I will start by quoting a dairy farmer whom I met early in my career, “it’s all about energy!” He was referring to his experience when working to get the best results from his herd. I have come to understand that he is right on so many levels. Recently I attended the 2015 Herd Health and Nutrition Conference, put on by New York’s Pro-Dairy and Northeast Agribusiness and Feed Alliance. This was the first time I was able to hear Dr. Mike Allen discuss the digestion of starch and how it relates to our dairy cattle. I am very familiar with Dr. Allen’s work and have quoted and implemented his findings often.

The molecules of starch are held together by an amino acid. How tightly bonded the starch molecules are has a major impact on how fermentable it is in the rumen. This is described as being vitreous or floury. The more vitreous the starch, the harder it is, and less fermentable it will be in the rumen. Processing or fermenting starch will increase its fermentability. This is what we are after when considering new crop corn silage being ready to feed out. We are looking for the starch to be far enough along in the fermentation process that it solubilizes the starch, breaking apart the protein bonds between the starch molecules, so that the enzyme amylase can start to digest it when it is fed.

At Phoenix Feeds, we have teamed up with Akey, who has provided us with their software to balance rations. They developed a unique program that models the cow’s performance. To go along with this, they developed a reference guide that helps to predict at which stage of fermentability the fermenting starch is. They have taken into account the degree of processing and moisture level, as these have a great deal of influence on how the cow will respond. With this data input into the software, we can more accurately balance rations for different time periods, processing, and moisture. This has a great effect on milk production and butterfat output.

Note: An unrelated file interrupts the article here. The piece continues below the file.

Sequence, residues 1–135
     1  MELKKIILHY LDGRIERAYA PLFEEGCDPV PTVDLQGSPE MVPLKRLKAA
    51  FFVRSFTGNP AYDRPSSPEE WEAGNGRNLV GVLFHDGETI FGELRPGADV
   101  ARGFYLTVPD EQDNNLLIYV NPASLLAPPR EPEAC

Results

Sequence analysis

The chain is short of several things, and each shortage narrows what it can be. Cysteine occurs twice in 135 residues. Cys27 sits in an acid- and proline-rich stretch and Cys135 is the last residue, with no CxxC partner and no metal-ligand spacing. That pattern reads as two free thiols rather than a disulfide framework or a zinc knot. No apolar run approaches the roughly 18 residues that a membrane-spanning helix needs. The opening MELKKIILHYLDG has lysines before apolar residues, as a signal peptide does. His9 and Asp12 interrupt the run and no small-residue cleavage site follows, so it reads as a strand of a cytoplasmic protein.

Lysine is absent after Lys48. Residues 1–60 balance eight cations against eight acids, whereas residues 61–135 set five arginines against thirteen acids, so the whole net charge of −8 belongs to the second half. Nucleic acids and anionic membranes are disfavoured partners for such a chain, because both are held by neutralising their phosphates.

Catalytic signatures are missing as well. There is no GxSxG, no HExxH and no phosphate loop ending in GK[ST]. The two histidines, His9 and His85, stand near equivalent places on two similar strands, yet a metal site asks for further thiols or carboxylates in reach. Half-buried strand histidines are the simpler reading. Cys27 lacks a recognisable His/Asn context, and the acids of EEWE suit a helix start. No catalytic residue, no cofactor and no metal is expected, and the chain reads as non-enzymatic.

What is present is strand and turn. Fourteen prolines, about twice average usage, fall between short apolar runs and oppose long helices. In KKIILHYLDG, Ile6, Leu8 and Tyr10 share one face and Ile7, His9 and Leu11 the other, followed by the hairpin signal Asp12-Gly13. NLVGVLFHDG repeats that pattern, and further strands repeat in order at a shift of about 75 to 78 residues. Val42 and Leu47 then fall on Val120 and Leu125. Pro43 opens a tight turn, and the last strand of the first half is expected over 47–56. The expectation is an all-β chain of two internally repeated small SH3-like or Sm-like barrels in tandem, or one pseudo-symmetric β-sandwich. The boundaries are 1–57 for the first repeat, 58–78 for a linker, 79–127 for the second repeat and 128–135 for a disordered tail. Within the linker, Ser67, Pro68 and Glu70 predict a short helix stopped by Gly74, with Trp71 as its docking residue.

There is a fascinating biological function that starch has on the lactating dairy cow. The way the starch is presented to the cow (i.e., how ruminally fermentable it is) plays an important role in how it is expressed. The early lactation cow thrives off highly fermentable starch in large amounts. Dr. Allen showed in his research that high-producing cows (90+ lbs) responded better with more starch coming from high moisture corn versus ground corn than did later lactation cows (actually a negative response in later lactation). There is a depression in dry matter intake with highly fermentable starch, in mid- to late-lactation cows. This is a function of the interaction of insulin on the appetite. Insulin is also responsible for the increase in body weight gain made of fat, in later lactation.

The fresh cow (0–21 days) has a large need for glucose. Cornell research (T. Overton, et al.) has shown that higher starch diets in the fresh cow allow for more milk production and less sub-clinical and clinical ketosis. The source of that glucose has been best shown to be coming from dry ground corn rather than a faster fermenting source. Dr. Allen suggests that the dry ground corn will provide an ample amount of energy to be produced without the negative feedback loop that insulin would provide if a fast, ruminally-fermentable source is used. This feedback loop of insulin is the same process I like to adjust for in maintenance groups and later lactating groups. By feeding less fermentable carbohydrates and non-forage fiber during late lactation, I am able to maintain good consistent milk production, high levels of butterfat, and keep the cows from becoming over-conditioned.

I believe that understanding starch digestion can offer us a lot more in terms of performance out of the dairy cow. More specifically, a better understanding of the responses to insulin and glucose will allow for improved results. We are just starting to grasp what starch is doing metabolically within the cow. When considering that 20–30% of what we feed lactating dairy cattle is starch, more precise ration balancing is essential.